In 2016, Jada Pinkett Smith was amongst the many black thespians and filmmakers who boycotted the 88th Academy Awards in response to the diversity row. Fast forward two years and the Hollywood actress is putting her weight being another race and gender-related campaign.
The 46-year-old star has urged fans to show their support for Mo'Nique after she launched a boycott against Netflix, claiming the streaming giant was guilty of colour and gender bias.
Taking to Twitter, Smith told her 1.1m followers: "You don't have to like Mo'Nique's approach. You don't have to agree with her boycott but don't allow all of that to make you blind to the fact that non-white women and impoverished white women are underpaid, underrepresented and undervalued EVERYWHERE by EVERYONE.
The mother-of-two added: "As a community, we should be supporting the light she is shining on this truth."
Mo'Nique previously claimed that she was ostracised after her 2010 Oscar win for her role in Precious because she refused to "play by the rules". She became outraged after she was offered significantly less than fellow comedians Amy Schumer, David Chappelle and Chris Rock for a comedy special.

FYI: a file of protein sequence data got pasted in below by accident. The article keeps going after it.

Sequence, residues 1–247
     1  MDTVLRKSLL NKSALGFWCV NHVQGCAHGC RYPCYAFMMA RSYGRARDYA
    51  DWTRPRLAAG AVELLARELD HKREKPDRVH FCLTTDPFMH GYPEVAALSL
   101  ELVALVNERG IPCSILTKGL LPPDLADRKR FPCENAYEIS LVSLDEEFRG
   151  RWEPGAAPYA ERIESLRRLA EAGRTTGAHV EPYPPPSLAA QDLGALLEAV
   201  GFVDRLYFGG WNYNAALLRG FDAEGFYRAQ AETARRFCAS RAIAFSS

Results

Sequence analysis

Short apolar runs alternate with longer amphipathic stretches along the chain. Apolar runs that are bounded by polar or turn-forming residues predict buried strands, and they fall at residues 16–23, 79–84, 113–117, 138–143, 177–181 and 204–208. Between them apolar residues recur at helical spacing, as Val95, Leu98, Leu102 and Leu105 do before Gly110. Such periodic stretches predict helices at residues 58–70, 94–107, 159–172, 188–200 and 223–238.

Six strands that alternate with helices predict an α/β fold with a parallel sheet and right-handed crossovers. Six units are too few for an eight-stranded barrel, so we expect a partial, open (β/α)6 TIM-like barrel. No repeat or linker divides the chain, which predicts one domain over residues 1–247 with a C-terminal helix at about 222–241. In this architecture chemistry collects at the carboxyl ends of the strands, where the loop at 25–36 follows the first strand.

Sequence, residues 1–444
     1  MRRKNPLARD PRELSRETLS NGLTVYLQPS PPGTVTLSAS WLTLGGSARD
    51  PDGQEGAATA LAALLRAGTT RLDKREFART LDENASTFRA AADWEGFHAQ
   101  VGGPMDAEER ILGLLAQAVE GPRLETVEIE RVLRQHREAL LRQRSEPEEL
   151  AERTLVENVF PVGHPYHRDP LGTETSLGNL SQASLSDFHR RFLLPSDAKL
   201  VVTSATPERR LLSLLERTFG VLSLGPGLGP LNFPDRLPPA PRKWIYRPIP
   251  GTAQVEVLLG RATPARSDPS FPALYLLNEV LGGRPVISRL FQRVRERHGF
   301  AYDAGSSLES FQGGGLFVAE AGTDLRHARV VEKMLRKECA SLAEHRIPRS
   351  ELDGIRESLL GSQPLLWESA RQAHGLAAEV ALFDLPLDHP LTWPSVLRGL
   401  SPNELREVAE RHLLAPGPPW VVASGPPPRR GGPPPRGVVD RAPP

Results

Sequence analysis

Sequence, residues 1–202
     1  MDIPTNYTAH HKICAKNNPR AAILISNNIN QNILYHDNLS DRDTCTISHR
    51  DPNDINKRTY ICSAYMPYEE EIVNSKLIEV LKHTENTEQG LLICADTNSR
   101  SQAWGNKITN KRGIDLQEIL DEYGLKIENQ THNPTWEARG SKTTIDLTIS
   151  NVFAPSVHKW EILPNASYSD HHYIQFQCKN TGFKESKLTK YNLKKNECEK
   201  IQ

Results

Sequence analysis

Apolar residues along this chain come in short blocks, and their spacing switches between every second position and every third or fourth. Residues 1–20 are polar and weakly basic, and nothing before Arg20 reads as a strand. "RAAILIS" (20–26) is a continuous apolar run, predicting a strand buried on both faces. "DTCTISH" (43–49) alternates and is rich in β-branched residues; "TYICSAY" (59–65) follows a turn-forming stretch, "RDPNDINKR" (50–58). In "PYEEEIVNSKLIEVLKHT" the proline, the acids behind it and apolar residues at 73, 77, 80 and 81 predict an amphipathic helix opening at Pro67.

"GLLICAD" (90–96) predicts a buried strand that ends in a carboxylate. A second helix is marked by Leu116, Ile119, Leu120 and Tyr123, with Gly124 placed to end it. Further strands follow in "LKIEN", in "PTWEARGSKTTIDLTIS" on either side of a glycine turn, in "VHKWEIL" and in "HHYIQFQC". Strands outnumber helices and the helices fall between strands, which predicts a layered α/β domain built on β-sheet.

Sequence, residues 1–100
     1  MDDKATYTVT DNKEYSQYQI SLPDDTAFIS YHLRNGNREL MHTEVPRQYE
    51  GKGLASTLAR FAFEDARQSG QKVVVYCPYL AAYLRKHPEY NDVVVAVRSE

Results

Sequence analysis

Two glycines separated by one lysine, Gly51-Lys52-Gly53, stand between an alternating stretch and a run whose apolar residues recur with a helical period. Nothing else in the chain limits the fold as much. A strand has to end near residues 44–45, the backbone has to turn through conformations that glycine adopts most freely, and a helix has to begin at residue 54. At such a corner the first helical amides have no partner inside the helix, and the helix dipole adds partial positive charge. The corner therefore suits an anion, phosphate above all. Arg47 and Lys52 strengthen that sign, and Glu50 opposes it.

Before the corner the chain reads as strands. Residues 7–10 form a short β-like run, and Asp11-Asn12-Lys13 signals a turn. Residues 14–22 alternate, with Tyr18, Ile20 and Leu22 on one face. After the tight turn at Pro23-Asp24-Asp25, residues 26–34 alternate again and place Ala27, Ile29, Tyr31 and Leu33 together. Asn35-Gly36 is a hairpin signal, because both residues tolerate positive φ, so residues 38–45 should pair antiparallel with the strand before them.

"I was offered a $500,000 (£355,000, €405,000) deal last week to do a comedy special. However, Amy Schumer was offered $11m, Chris Rock and Dave Chappelle, $22m," she explained in a video message posted to her 211K Instagram followers.
The former chat show host said she was highlighting the entertainment industry's gendered power imbalances because the pay disparity brought it home for her.
"Why shouldn't I get what the legends are getting? Please stand with me in this boycott of Netflix."
Her complaint prompted Wanda Sykes to reveal she had not even been offered half of what Mo'Nique had been paid. Sykes's comedy special went to the Epix channel instead.
Smith's comments have come on the heels of Time's Up – an initiative which also aims to combat gender inequality and sexual harassment in the workplace dominated the 2018 Golden Globes. Campaigners will point to recent unfair pay disparities with actor Mark Wahlberg being offered $1.5m for reshooting Ridley Scott's All The Money In The World while costar Michelle Williams was paid less than $1,000.